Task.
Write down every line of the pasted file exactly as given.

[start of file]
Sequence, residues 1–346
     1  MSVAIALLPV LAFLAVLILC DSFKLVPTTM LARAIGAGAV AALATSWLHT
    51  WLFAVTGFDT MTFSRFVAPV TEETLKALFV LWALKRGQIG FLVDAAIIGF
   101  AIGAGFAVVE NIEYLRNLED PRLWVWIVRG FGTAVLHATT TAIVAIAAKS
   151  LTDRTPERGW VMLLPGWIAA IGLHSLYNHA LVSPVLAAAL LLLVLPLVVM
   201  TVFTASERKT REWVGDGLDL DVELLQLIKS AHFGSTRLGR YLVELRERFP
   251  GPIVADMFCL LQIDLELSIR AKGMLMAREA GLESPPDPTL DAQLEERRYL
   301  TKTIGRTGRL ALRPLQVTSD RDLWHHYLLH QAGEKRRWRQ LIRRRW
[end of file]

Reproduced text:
Sequence, residues 1–346
     1  MSVAIALLPV LAFLAVLILC DSFKLVPTTM LARAIGAGAV AALATSWLHT
    51  WLFAVTGFDT MTFSRFVAPV TEETLKALFV LWALKRGQIG FLVDAAIIGF
   101  AIGAGFAVVE NIEYLRNLED PRLWVWIVRG FGTAVLHATT TAIVAIAAKS
   151  LTDRTPERGW VMLLPGWIAA IGLHSLYNHA LVSPVLAAAL LLLVLPLVVM
   201  TVFTASERKT REWVGDGLDL DVELLQLIKS AHFGSTRLGR YLVELRERFP
   251  GPIVADMFCL LQIDLELSIR AKGMLMAREA GLESPPDPTL DAQLEERRYL
   301  TKTIGRTGRL ALRPLQVTSD RDLWHHYLLH QAGEKRRWRQ LIRRRW